Maybe the meds aren’t working, or I need an increase.  Maybe it’s perceptions and not issues with chemical re-uptake inhibition.

At the same time, my old friends, careful of showing favoritism and the appearance of choosing sides politely avoid me.  After church, I approached four different people to go have coffee or lunch. Everyone running off to get on with their holiday. I am overly sensitive at present, and not fun to hang around.

So I took myself to a favorite cafe, buzzing with life and interest. There was a window seat, and I fired up the laptop and juggled food and computing, sharing space with other Singletons. I was alone in the crowd. It was both disconcerting and ironic to look around me and see that most of the tables had one empty seat.

Afterward, I walked up and back six blocks each way, window shopping. Trying to shake this feeling. Ultimately I returned home to my empty house. Bad idea.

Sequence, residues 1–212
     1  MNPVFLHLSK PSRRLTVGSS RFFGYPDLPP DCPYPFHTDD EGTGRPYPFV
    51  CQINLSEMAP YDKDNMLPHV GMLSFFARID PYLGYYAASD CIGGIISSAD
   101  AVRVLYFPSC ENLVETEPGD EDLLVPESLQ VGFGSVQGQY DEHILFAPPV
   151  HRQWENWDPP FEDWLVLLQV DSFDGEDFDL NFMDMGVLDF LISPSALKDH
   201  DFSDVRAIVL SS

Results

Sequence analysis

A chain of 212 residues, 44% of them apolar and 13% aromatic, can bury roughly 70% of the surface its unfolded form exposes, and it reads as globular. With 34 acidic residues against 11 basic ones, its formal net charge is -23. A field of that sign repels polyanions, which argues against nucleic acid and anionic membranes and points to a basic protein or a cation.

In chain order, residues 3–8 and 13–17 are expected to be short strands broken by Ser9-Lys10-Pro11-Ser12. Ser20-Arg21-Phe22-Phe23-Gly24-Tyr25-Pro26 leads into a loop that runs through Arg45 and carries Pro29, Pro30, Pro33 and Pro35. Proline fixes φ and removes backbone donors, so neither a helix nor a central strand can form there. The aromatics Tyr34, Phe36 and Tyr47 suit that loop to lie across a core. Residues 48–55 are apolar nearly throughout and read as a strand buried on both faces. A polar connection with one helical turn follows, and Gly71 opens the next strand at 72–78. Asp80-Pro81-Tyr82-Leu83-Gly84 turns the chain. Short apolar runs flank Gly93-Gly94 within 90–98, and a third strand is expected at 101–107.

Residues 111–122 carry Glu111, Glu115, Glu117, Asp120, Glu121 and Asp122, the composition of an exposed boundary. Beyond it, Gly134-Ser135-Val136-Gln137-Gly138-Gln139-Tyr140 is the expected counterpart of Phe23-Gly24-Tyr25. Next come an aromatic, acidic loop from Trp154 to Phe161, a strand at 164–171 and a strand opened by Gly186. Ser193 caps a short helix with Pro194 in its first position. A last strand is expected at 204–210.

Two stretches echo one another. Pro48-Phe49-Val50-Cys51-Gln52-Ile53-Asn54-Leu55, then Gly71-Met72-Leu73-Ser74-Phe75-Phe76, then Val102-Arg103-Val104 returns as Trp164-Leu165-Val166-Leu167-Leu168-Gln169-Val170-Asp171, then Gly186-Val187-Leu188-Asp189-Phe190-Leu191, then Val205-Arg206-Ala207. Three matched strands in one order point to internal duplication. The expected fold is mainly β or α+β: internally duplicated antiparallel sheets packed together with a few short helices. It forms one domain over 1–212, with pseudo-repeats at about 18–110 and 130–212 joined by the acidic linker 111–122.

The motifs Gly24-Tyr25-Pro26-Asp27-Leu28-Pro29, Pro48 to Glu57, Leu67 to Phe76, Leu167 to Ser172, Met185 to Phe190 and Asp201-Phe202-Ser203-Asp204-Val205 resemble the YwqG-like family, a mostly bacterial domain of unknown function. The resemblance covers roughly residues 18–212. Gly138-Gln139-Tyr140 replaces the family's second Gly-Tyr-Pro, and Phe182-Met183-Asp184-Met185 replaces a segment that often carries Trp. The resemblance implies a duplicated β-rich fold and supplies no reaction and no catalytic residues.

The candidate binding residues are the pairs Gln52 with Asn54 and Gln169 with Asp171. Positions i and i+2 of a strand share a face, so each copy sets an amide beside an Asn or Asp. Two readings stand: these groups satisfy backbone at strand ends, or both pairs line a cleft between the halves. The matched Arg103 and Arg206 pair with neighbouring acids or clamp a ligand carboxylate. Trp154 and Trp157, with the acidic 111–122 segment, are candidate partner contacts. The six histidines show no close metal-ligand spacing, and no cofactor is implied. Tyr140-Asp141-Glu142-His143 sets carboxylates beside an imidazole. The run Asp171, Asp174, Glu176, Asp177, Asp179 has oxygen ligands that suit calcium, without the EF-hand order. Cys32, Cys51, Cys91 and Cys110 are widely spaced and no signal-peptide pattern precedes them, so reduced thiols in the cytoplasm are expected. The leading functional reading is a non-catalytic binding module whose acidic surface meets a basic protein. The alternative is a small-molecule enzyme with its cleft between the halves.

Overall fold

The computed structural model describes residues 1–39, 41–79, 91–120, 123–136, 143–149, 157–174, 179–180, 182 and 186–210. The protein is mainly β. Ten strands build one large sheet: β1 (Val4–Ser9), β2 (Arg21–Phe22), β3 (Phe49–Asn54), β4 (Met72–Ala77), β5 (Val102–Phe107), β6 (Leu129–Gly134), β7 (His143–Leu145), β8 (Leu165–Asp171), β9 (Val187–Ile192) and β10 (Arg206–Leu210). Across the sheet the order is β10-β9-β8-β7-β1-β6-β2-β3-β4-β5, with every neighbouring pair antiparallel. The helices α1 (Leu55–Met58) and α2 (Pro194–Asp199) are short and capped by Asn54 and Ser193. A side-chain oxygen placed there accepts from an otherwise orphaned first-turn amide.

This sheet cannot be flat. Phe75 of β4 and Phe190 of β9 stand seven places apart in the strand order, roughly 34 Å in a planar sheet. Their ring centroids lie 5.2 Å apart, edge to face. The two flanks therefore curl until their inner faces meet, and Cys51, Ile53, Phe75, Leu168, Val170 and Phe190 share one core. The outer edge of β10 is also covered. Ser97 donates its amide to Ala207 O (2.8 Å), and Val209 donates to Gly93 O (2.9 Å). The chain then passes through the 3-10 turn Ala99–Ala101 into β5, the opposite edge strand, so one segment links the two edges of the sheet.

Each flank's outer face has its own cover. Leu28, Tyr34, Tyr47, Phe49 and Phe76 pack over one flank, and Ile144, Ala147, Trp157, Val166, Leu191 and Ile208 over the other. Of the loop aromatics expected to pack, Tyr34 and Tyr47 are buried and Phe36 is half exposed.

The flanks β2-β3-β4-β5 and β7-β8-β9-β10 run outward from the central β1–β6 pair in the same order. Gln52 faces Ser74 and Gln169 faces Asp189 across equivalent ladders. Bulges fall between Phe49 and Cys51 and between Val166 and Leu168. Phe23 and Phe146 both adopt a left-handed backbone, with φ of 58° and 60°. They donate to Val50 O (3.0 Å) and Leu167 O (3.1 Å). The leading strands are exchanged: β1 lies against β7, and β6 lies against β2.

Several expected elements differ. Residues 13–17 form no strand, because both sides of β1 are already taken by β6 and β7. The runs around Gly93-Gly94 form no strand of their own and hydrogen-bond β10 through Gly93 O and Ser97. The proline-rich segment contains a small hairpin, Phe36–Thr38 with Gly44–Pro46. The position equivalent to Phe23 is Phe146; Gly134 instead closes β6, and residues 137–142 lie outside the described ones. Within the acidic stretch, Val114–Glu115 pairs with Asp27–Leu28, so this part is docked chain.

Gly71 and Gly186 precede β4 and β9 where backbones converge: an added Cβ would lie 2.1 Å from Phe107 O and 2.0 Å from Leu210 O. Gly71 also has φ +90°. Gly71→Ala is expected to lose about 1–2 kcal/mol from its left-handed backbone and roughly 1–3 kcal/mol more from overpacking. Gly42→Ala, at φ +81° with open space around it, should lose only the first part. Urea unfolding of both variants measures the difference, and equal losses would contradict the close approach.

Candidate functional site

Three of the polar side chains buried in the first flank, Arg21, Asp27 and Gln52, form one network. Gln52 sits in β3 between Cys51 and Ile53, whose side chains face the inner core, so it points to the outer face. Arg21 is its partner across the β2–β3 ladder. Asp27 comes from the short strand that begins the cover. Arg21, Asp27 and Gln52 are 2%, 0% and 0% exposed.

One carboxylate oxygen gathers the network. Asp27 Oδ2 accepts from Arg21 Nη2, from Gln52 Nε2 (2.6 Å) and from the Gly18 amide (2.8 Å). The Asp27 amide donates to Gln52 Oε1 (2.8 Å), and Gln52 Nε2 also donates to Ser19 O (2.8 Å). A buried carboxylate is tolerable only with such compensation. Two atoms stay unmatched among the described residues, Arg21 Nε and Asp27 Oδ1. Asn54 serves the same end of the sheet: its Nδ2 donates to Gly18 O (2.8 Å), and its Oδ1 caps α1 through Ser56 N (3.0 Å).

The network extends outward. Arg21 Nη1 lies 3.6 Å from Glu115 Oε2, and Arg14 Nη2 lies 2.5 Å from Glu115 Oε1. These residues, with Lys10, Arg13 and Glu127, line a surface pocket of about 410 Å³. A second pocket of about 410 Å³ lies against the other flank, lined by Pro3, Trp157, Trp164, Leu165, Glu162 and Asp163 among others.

And again, I am paralyzed. Alone and unmotivated.  Able to write here, yet unable to get my songs written or sung.

I will go to my piano now and just play. Maybe getting inside the music? Some days,  the only cure which can soothe and heal.


A New Key


Instrumentalists look at the key signature before beginning to play a new piece. Being a typical singer in this regard, I look at the inclusive range of notes. Two considerations: the extreme- how low, how high, and the tessitura, the Italian word for “texture” – the place where most of the notes call home.

For me, the parallels of these matters to my current situation is telling. What are my limits, my breadth of tolerance? How do I live in my home when it is no longer where I belong? How do I find my way to a comfortable tessitura? And how do I find the strength and stamina to live those long, arching lines and difficult passage work, which fly naturally from my throat, yet not from my environment?

So I begin. Not to fret over the key, because I own the gift of relative pitch. Rather, to find that tessitura which will lead me forward into a new way of living.